Hoylake Memories

A personal history of a course that takes time to reveal itself


Prominently displayed on a wall in my office is a picture of “Punch Bowl,” the 11th hole (the members’ ninth) at Royal Liverpool Golf Club. It’s not really a picture, actually, but one of those incredible watermaps Joe McDonnell creates. You’ve probably seen them on Twitter or Instagram. As something of a luddite, I’ve not the faintest idea how the Englishman who works for the Clayton, DeVries & Pont design firm as “Head of Imagery” does them, but no matter. Just being able to look at it a few times a day and remember playing the hole so often in the distant past is what’s important.

The watermap shows the wonderful contours of the fairway, the dunes on either side, the diagonally set green in the punchbowl (hence the hole’s name) of sand hills that surround it, and the blue of the Dee Estuary to the left of the hole. (The estuary opens out into the Irish Sea beyond Hilbre Island with the north Wales coastline to the west, forming part of a beautiful panorama.)

Illustration by Joe McDonnell

Hoylake’s 11th is on my roulette wheel of favorite holes. Spin the wheel and the 17th on the Old Couse might come up, or the fifth at Royal St. George’s, second at Gamble Sands, fourth at Banff Springs, 10th at Kingston Heath, eighth at Pebble Beach, or any one of a dozen other holes that is definitely my absolute favorite, no ifs or buts… until I change my mind.

I’ll be forever grateful that I got to play “Punch Bowl” frequently as part of the Liverpool University golf team, which is fortunate to call Royal Liverpool its home course.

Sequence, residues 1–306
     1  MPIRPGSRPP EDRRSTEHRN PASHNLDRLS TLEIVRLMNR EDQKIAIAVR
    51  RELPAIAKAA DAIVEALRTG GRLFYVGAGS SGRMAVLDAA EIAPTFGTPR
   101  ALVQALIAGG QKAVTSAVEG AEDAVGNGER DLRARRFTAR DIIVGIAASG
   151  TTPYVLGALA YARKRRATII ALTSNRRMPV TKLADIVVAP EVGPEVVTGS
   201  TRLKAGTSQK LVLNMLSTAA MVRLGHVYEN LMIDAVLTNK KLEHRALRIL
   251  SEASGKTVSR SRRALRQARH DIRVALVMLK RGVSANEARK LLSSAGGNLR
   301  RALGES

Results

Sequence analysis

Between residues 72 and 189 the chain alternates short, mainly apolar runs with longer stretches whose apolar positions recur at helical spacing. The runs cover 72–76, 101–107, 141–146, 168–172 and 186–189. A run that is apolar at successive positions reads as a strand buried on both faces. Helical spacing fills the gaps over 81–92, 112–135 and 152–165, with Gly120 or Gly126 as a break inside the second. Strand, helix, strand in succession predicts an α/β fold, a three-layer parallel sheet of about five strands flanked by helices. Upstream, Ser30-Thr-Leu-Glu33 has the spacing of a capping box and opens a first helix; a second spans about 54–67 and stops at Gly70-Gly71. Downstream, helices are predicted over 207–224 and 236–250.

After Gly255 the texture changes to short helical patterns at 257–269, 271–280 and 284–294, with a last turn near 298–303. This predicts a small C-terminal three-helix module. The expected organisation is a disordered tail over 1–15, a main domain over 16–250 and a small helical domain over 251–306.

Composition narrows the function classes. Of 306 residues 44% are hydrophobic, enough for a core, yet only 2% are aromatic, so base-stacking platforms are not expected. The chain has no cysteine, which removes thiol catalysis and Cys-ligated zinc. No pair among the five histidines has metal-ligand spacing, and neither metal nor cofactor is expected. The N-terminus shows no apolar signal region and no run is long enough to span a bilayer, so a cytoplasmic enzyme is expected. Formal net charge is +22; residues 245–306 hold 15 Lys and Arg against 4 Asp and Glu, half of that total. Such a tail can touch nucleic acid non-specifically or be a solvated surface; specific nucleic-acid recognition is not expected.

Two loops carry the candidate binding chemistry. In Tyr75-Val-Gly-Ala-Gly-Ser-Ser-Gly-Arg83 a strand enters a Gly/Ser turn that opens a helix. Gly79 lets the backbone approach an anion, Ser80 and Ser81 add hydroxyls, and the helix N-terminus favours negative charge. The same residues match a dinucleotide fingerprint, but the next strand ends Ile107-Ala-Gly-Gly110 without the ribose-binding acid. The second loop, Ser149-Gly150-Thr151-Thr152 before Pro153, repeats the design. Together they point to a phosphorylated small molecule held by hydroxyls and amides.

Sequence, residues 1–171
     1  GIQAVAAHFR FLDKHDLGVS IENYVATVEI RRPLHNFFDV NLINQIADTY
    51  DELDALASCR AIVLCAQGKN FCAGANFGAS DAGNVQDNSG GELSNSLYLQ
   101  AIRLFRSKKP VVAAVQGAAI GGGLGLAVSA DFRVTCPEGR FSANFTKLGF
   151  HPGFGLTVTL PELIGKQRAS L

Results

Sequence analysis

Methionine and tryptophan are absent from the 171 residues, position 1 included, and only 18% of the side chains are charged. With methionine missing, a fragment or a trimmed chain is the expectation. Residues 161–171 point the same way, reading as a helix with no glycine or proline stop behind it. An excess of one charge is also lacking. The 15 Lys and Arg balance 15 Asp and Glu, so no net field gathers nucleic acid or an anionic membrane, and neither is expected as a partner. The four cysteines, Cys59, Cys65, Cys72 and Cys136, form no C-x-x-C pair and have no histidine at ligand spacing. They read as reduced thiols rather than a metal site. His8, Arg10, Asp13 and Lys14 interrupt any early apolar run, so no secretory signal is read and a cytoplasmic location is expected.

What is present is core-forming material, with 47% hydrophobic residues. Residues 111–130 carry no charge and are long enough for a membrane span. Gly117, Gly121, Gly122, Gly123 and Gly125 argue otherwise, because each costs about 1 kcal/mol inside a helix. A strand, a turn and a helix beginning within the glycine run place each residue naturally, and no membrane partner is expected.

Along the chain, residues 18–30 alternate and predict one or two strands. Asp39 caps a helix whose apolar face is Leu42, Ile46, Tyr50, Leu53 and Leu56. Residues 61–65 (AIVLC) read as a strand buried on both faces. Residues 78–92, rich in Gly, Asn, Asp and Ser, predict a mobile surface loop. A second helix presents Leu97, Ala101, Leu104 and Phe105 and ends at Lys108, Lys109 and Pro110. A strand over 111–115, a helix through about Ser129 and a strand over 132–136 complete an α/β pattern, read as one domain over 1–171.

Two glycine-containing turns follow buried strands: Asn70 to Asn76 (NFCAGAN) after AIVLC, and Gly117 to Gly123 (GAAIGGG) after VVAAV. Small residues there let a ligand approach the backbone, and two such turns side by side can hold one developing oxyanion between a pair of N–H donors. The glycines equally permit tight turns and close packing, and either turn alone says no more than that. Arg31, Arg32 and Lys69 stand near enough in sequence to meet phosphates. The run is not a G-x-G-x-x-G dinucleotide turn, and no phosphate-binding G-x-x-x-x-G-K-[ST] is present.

Despite losing plenty of games elsewhere, I don’t remember ever losing one at Hoylake, and I don’t recall ever being part of a losing team there. In the last match I played at RLGC, Liverpool took down the University of Manchester 6-0. No, the streets weren’t full of flag-waving fans firing pistols into the air, or cars honking their horns, but it was cause for a serious celebration.

Unlike some golf club/university team relationships, strained by memberships jealously guarding tee times or irritated by a group of students playing their course for free and then taking up precious space in the bar, Royal Liverpool could not have been more accommodating or welcoming. Once all the formal activity was completed and our opponents had left, we’d often be joined for a drink by members asking how the match went.

“It is a royal club, obviously,” says Mike Harris, a 15-year member and himself a former Liverpool University player, “but it’s the ultimate non-royal club, if you know what I mean.” Of course, there’s a little pomp and circumstance, Harris adds, but Royal Liverpool doesn’t take itself too seriously and is really all about the game. “There are a lot of prominent people from various walks of life here,” Harris notes, “but whether they’re a surgeon, professor, or successful businessman/woman, all anyone wants to do when they arrive is talk about golf.”

Harris talks a lot about golf both at the club and at his job. As the editor of popular British magazine Golf Monthly for the last 17 years, he has been in a position to play a number of the world’s best courses. And while a few of them may appear higher than Royal Liverpool in most course rankings—it’s currently 12th in Great Britain and Ireland in his own publication—he rarely feels happier than when taking on the much-evolved links, whose original nine holes were laid out on the same land as the Liverpool Hunt Club’s racecourse and which this week is hosting its 13th Open Championship.

He played it for the first time somewhen in the late 1980s, when a university team member came down with a dreadful hangover and Harris was called into the breach at the last moment. “We were playing Keele University and I remember winning on the 14th,” he says.

The members’ 14th (Open 16th) is one of Hoylake’s 10 or so holes that, because it covers mainly flat ground, isn’t given much love but which, on closer examination and after several plays, you discover is actually a very fine hole requiring superlative ball-striking but also careful management if its challenge is to be met. Harris says the course really allows golfers to use their imaginations and play a variety of shots. “More often than not, though,” he says. “it really helps to be able to keep the ball low.”